December 17, 2013
With the end of the year on the horizon, many individuals with flexible spending accounts (FSAs) are scurrying to spend residual funds to avoid “losing” them, in accordance with IRS regulations. However, the regulations have now changed with the IRS easing the “use-it-or-lose-it” rule for health flexible spending plans. Individuals with FSAs can now carry over a maximum of $500 to the following year without forfeiture. So now, employees will not have to rush to clean out their accounts by the end of the year, or by March 15 of the following year, if their flexible spending plan has adopted this grace period.
It is important to note that an employer cannot offer a FSA carryover provision and an FSA grace period at the same time. In order to allow for this $500 carry over, employers must amend their plans to adopt the change. However, if an employer’s FSA plan currently allows for the grace period, that provision must be dropped in order to allow for the $500 carryover adoption.
Employers can implement the carryover for 2013 as long as the flexible spending plan is amended by the end of 2014. However, if the plan currently allows the grace period up until March 15, then the plan must be amended by the end of 2013 to formally eliminate this provision.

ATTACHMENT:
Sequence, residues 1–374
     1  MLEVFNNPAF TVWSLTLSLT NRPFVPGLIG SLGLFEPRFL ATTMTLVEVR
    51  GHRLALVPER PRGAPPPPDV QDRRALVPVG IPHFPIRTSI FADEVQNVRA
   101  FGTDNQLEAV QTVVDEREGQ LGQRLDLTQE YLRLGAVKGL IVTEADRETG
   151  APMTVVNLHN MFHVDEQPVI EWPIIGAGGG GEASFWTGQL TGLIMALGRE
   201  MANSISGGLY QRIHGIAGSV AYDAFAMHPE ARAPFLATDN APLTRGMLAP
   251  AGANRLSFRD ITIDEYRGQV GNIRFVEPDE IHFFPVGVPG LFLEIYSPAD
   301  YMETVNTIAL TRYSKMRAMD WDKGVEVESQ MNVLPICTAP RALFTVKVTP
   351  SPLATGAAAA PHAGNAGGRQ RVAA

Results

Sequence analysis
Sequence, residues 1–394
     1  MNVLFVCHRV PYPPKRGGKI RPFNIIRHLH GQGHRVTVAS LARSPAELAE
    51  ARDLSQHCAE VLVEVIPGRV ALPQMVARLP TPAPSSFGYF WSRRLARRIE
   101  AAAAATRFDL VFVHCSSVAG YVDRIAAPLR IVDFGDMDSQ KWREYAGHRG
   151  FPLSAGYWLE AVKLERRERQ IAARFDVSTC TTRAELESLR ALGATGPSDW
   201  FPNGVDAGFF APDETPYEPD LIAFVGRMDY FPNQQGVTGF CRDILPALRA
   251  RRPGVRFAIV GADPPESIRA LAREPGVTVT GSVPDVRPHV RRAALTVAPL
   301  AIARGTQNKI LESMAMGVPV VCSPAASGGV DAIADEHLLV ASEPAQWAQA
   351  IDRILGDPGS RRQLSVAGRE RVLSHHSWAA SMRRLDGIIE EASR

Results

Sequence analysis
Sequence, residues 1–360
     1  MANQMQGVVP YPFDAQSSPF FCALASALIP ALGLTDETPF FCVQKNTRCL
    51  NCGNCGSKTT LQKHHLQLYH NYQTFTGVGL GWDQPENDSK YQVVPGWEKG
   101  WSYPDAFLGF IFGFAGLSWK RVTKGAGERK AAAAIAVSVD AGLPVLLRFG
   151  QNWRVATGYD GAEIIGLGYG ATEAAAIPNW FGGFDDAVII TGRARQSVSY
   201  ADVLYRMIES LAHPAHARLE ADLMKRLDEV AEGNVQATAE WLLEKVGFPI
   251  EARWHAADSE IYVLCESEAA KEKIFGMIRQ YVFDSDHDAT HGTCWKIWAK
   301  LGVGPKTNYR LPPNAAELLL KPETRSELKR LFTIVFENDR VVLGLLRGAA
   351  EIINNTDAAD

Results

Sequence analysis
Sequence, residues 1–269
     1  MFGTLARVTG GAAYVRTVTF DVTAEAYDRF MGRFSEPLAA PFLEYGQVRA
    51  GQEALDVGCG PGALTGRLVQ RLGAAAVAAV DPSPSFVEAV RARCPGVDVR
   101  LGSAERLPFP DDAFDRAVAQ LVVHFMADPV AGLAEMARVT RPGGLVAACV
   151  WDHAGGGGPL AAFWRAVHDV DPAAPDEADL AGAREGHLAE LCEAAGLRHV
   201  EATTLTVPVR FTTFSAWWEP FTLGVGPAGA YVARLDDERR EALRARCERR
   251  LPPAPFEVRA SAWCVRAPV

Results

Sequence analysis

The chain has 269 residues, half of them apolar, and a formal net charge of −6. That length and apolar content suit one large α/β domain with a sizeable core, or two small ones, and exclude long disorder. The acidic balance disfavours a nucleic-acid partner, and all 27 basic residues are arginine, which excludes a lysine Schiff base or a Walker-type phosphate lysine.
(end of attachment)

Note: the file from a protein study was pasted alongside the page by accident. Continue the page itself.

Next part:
If you have any questions about this information, please contact us. We are always here to help.
Prior to moving to Madison, the last bike I owned was a Nashville Predators themed bike I won at the age of 9, so it had been a while since I found myself in the saddle. Upon my arrival here, I discovered the city’s rich biking culture as well as its system of paths and knew I had to take advantage of all it had to offer. After a couple of years of riding and exploring, I feel like I know my way around town on a bike pretty decently.
Do online reviews help or hurt a business? Depending on the type of review, of course, it could go either way.
The IRS has provided guidance to employers regarding the recent presidential action to allow employers to defer the withholding, deposit and payment of certain payroll tax obligations. The three-page guidance in Notice 2020-65 was issued to implement President Trump’s executive memorandum signed on August 8. Private employers still have questions and concerns about whether, and how, to implement the optional deferral.